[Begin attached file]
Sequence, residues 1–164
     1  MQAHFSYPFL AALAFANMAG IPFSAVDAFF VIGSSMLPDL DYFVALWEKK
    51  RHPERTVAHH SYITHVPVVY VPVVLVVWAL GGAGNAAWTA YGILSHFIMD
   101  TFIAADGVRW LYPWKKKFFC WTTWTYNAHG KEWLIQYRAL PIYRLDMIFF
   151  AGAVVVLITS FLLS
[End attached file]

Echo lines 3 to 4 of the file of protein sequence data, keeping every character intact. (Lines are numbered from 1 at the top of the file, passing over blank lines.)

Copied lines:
    51  RHPERTVAHH SYITHVPVVY VPVVLVVWAL GGAGNAAWTA YGILSHFIMD
   101  TFIAADGVRW LYPWKKKFFC WTTWTYNAHG KEWLIQYRAL PIYRLDMIFF